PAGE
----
Euro Millennium, the European dark pool offering from US trading solutions provider NYFIX, has reported an increase in usage of its platform, which it puts down to a change in buy-side attitudes towards dark trading venues.
On average in September, Euro Millennium reported an average price improvement of 8.47 basis points. Specifically, a 5.9 bps price improvement was reported for FTSE 100 stocks, 17.7 bps for FTSE 250 stocks and 29 bps for FTSE Small Cap stocks. Average share volumes on the platform during September were 1.8 million shares per day.
The encouraging results follow downbeat expectations in Euro Millennium’s Q2 results statement, which predicted losses in the third-quarter of between $2 million and $2.5 million.
Launched in March, Euro Millennium achieved volume highs of around $3 billion in August but has since seen this rocket in September, with over $28.85 billion of available liquidity across 1,000 stocks reported on single days in September.
According to Chris Smith, head of business development at NYFIX, this was due to establishing links with 10 third-party connectivity vendors since the platform’s launch and growth in the use of dark algorithms by buy- and sell-side firms.
Smith also noted a change in the way traders regarded dark venues during periods of volatility after an initial analysis in the first eight months of the year showed an inverse correlation between dark pool use and volatility. “Interestingly, this trend completely subsided in September at a time of increased and significant volatility as institutional clients became more comfortable with the benefits of trading in dark pools,” he told theTRADEnews.com. “While we agree there is a premium on immediacy of execution for some investors in volatile market conditions, there is also a premium on anonymity and minimal market impact."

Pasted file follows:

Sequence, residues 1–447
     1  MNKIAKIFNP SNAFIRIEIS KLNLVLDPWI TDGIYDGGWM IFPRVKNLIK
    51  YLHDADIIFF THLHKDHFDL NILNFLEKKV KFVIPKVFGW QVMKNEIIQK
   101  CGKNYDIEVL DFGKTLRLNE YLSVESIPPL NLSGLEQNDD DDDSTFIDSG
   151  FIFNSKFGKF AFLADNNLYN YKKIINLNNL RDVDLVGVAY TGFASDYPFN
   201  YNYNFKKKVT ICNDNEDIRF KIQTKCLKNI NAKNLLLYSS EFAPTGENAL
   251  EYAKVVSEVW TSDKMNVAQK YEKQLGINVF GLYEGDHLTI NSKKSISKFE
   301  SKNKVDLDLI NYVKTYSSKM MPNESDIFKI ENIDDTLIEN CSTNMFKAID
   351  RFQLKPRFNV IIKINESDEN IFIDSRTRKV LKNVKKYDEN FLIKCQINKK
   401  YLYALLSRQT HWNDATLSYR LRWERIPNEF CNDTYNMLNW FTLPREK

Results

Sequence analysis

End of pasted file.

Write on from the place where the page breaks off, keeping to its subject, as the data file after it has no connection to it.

On 20 October, Euro Millennium executed a record 10.2 million shares and captured significant market share of 3 FTSE 100 stocks: 6.5% in International Power; 1.7% in Prudential; and 1.3% in Vodafone.
Smith considers that, as multilateral trading facilities grow their market share in individual stocks, price formation may migrate from primary exchanges. “There is a growing need to capture this new post-trade and, where applicable, pre-trade information to distribute for industry use,” he said.
“We would absolutely support the introduction of a standardised and consolidated tape, similar to the process that is used today in the US.”